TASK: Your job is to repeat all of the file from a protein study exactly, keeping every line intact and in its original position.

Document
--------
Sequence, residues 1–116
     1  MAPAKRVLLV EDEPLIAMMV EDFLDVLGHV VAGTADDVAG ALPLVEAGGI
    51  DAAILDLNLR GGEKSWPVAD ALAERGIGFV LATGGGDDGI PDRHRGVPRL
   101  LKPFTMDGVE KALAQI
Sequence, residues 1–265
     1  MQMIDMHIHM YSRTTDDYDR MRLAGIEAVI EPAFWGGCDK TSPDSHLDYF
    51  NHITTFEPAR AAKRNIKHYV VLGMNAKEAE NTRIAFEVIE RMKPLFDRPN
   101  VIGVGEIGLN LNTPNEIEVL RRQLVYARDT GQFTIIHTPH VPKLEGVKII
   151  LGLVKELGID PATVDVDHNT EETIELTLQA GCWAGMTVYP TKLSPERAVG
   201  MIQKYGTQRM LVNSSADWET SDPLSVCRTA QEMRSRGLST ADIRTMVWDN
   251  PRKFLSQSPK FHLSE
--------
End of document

Sequence, residues 1–116
     1  MAPAKRVLLV EDEPLIAMMV EDFLDVLGHV VAGTADDVAG ALPLVEAGGI
    51  DAAILDLNLR GGEKSWPVAD ALAERGIGFV LATGGGDDGI PDRHRGVPRL
   101  LKPFTMDGVE KALAQI
Sequence, residues 1–265
     1  MQMIDMHIHM YSRTTDDYDR MRLAGIEAVI EPAFWGGCDK TSPDSHLDYF
    51  NHITTFEPAR AAKRNIKHYV VLGMNAKEAE NTRIAFEVIE RMKPLFDRPN
   101  VIGVGEIGLN LNTPNEIEVL RRQLVYARDT GQFTIIHTPH VPKLEGVKII
   151  LGLVKELGID PATVDVDHNT EETIELTLQA GCWAGMTVYP TKLSPERAVG
   201  MIQKYGTQRM LVNSSADWET SDPLSVCRTA QEMRSRGLST ADIRTMVWDN
   251  PRKFLSQSPK FHLSE